Leeds United chose not to pay up for Kyle Bartley in the summer.
Leeds United's desire to sign loanee Kyle Bartley was halted in the summer by Swansea City, who were determined to hang onto the centre-back.
The Mirror (18/6) reported Swansea wanted £7.5 million if they were to sell Bartley - a fee more than double the highest figure (£3m) Leeds have spent since their 2004 relegation from the Premier League.
The Whites of course did have the money available after selling Chris Wood for £15 million, but put their faith in the defenders they have available.
So far it appears to have been a shrewd decision. Or at least it was until the last two matches.
Even with injuries and suspensions, Leeds have defended well this season and stemmed the flow of goals.
This season they have conceded an average of 1 goal per game. Through 11 games last season that figure stood at 1.12.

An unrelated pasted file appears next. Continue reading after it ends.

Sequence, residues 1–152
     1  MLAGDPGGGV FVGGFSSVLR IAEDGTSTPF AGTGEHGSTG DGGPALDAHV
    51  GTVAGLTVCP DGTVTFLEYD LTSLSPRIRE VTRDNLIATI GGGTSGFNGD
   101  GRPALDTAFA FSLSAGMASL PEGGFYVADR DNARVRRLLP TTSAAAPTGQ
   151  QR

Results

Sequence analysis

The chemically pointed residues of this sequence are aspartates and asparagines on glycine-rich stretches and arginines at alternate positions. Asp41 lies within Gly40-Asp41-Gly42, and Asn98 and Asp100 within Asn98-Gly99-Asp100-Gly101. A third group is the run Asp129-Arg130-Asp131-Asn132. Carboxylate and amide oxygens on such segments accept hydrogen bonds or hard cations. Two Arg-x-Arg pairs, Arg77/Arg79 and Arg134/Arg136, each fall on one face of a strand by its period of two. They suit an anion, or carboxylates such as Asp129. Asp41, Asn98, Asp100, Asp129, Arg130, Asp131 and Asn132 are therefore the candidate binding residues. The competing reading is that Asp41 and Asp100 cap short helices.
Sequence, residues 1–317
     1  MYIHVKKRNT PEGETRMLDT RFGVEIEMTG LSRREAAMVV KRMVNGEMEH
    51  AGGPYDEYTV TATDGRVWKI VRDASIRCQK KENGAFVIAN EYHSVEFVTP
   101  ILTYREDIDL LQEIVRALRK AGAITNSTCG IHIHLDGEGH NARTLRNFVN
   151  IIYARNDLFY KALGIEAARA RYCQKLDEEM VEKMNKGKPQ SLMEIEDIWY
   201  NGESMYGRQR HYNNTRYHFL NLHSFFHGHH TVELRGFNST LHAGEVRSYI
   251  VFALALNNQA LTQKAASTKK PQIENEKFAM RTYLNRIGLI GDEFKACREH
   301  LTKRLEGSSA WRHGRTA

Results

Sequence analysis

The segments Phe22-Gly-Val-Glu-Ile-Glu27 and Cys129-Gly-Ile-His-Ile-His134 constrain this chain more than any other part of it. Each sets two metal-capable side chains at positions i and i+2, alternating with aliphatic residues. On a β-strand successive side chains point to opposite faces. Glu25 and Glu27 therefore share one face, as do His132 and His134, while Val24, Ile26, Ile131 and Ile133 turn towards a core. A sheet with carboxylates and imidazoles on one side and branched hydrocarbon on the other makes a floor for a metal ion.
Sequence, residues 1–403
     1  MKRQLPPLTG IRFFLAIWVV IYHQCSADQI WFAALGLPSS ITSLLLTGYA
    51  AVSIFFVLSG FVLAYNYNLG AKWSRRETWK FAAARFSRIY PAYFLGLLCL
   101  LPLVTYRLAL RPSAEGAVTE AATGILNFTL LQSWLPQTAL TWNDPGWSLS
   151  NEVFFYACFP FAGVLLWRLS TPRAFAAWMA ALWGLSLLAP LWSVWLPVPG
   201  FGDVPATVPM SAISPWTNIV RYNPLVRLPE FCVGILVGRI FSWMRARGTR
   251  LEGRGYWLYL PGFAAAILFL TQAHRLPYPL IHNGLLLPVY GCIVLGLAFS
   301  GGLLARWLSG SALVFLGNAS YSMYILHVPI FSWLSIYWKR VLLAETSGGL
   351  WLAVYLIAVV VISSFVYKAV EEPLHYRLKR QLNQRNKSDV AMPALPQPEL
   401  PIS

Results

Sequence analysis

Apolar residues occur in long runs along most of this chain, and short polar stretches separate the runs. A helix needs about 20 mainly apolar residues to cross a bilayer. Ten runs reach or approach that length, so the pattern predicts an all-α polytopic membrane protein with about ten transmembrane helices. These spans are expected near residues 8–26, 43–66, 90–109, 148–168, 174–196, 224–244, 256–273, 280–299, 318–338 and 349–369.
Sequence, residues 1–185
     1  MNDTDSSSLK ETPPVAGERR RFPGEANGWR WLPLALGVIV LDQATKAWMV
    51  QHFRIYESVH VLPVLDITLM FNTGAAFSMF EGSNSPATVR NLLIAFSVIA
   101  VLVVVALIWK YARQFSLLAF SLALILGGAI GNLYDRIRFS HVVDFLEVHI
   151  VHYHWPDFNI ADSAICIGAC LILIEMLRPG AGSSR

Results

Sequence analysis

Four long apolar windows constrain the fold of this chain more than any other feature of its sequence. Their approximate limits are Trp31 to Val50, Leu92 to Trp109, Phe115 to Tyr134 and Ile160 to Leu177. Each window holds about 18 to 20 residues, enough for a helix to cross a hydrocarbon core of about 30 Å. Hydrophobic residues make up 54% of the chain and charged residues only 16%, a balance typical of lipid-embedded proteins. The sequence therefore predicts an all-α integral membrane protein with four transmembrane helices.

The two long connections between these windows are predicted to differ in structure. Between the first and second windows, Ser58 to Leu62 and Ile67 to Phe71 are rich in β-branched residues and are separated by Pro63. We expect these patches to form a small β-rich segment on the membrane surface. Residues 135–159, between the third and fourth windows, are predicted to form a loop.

Over the course of the season last season Leeds conceded 1.02 goals per game on average, showing that they are presently no worse off without Bartley - according to the figures.
However six goals against have come in the last two matches, in away defeats against Cardiff City and Sheffield Wednesday.
Anybody who watched those games would be hard pressed to argue that Bartley would not have improved the Leeds side.
Liam Cooper missed the Owls defeat due to injury and his return will give Leeds a boost.
Even those two losses are not quite enough to say Leeds were wrong not to pay up for Bartley when looking at the season as a whole - but how they cope between now and the end of the season will dictate how it is looked back upon.